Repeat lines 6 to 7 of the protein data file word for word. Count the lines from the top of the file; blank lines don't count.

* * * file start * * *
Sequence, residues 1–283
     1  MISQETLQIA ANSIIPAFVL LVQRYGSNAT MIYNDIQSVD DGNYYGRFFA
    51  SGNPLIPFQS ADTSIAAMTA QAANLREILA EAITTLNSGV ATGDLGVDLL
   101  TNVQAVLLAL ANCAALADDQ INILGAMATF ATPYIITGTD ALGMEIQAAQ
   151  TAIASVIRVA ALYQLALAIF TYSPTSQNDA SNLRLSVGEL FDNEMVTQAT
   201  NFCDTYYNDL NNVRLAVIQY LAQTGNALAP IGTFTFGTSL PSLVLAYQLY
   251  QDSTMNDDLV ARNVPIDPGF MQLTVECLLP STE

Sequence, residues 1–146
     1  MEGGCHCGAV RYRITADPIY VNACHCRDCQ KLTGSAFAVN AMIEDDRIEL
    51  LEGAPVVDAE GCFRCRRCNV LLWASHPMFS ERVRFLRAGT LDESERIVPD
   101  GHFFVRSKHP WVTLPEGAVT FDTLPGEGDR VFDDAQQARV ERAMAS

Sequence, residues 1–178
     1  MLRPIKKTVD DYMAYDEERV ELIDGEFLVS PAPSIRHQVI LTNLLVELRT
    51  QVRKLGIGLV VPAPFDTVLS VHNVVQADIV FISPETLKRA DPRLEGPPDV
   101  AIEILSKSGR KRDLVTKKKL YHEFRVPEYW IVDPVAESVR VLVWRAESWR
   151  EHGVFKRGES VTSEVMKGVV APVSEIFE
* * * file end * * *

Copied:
   201  NFCDTYYNDL NNVRLAVIQY LAQTGNALAP IGTFTFGTSL PSLVLAYQLY
   251  QDSTMNDDLV ARNVPIDPGF MQLTVECLLP STE